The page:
- Don’t ask “what’s fresh today?” or “Is that fresh?” It’s almost insulting to imply that they could have fish that is not fresh. If the restaurant looks sketchy, then don’t sit down. In general, restaurants in Japan are some of the cleanest in the world and they take the quality of their food seriously.
- If you don’t know what to order and are okay experimenting (this is the place to do it) try ordering a set menu, omakase or the chef’s choice menu. The pricing will generally be listed so there are no surprises, but it allows the chef to show off his best to you. It also builds rapport with the chef by showing him you trust him.
- If you particularly enjoyed a piece of sushi and are sitting at the sushi bar, feel free to ask for another piece.
Proper Way To Eat Sushi Pro Tip
When ordering omakase, or the chef’s choice, there are often different levels, with different price points. Ask for nami (standard), jō (premium), or toku-jō (ultra-premium). An omakase normally includes between seven and ten pieces. It’s okay to order more after. Or, to ask for a repeat of a favorite. The set also normally includes one piece of tamago, which is the Japanese sweet egg omelette.
Before Eating Sushi In Japan
There is normally a wet towel placed for you at your seat. This towel is for cleaning your hands before the meal. This is important because most sushi is eaten with the hands. Use the towel to clean your hands and fingers, but not your face. When done, fold the towel and replace it on its plate or the counter. This becomes your napkin during you meal.
What Is The Proper Way To Eat Sushi In Japan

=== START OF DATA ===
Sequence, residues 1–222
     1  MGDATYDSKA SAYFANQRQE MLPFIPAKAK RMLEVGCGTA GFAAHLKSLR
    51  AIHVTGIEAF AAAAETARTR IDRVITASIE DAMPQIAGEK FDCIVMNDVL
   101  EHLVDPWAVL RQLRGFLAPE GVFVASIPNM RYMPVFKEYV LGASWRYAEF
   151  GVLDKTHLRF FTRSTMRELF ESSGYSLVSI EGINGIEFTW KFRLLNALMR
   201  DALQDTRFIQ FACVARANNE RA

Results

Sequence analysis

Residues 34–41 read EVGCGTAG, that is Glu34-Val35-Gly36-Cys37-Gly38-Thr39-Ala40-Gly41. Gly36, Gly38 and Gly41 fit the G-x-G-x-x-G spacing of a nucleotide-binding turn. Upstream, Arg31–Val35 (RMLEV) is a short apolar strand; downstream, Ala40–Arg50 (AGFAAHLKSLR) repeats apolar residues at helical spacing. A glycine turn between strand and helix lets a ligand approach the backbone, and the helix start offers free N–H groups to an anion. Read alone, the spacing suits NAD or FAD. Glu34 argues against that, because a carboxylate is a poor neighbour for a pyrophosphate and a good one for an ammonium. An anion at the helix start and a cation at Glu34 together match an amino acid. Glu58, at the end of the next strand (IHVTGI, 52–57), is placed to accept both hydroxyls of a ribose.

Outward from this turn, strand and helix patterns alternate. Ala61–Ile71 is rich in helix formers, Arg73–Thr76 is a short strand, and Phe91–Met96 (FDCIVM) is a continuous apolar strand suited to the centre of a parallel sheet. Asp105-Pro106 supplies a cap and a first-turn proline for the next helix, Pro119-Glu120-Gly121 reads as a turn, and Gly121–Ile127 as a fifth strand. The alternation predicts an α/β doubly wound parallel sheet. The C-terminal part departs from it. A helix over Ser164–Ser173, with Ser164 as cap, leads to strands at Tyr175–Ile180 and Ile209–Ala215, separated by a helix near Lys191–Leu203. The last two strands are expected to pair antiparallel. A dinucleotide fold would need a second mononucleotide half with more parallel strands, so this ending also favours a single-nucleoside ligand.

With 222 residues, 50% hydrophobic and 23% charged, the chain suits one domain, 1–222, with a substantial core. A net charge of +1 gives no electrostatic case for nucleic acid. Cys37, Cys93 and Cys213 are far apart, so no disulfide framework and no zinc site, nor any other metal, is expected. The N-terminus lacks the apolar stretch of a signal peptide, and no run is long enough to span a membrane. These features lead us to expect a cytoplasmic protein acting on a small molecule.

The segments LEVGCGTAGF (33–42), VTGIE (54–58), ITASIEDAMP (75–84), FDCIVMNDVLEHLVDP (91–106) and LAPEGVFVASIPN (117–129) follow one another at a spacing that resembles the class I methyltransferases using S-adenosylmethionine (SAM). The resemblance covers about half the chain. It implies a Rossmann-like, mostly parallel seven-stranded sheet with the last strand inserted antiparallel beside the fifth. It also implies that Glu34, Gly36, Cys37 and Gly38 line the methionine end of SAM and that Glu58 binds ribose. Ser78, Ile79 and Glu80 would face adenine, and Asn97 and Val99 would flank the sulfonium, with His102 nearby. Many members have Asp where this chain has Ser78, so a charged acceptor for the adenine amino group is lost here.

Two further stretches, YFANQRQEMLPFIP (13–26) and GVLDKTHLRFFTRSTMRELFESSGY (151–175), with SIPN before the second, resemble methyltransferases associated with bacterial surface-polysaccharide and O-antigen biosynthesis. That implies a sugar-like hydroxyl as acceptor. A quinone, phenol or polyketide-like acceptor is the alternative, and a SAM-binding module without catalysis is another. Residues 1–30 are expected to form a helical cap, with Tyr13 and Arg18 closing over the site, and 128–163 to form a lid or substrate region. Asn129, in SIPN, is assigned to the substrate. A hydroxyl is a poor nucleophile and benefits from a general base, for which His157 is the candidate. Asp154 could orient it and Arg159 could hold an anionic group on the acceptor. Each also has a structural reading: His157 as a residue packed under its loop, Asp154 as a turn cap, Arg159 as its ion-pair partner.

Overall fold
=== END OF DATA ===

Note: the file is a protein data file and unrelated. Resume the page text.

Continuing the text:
First, a bit of nomenclature:
- What is sushi? Sushi is a Japanese dish made with raw fish (neta), normally over rice mixed with vinegar.
- What is nigiri? Nigiri is a finger of rice topped with fish or some other topping, like egg. It is prepared by placing a bit of wasabi between the fish and the rice.
- What is sashimi? Sashimi is a slice of raw fish without the rice underneath.
Sashimi is normally eaten with chopsticks. Nigiri and other pieces are normally eaten with your hands. This allows you to feel the texture of the piece. It also is a more delicate way to eat sushi. Chopsticks can damage the delicate pieces and leave it falling apart.
Eating Sushi With Your Hands
To eat sushi with your hands lift the piece between your thumb and second or middle finger. Carefully turn the piece upside down. Then, dip only the fish into the soy sauce, not the rice. The rice will absorb the soy too quickly and the piece will fall apart. Moreover, the sushi chef has already seasoned the rice before it arrives on your plate, so there is no need to season it more.
Try to place the fish into your mount in one bite with the fish side facing the tongue. This will allow you do fully appreciate the flavor of the fish. Plus, it’s a little difficult to flip it back over after it’s been dipped in soy.
If the chef adds and sauce or topping to the fish, then skip the soy sauce. He has already seasoned the fish they way he thinks is best. Trust him. When eating sushi in Wakayama, which is just south of Osaka and Kyoto, I poured soy sauce and never used it because the chef prepared each piece expertly for me.
Eat Sushi Immediately
Even when ordering a set sushi menu, normally individual pieces will arrive one or two at a time. It’s meant to be eaten right away. That is when it tastes best. This is in part because the rice is warm. When the fat in the fish hits the warm rice, the result can be simply sublime.
Eating Sushi With Chopsticks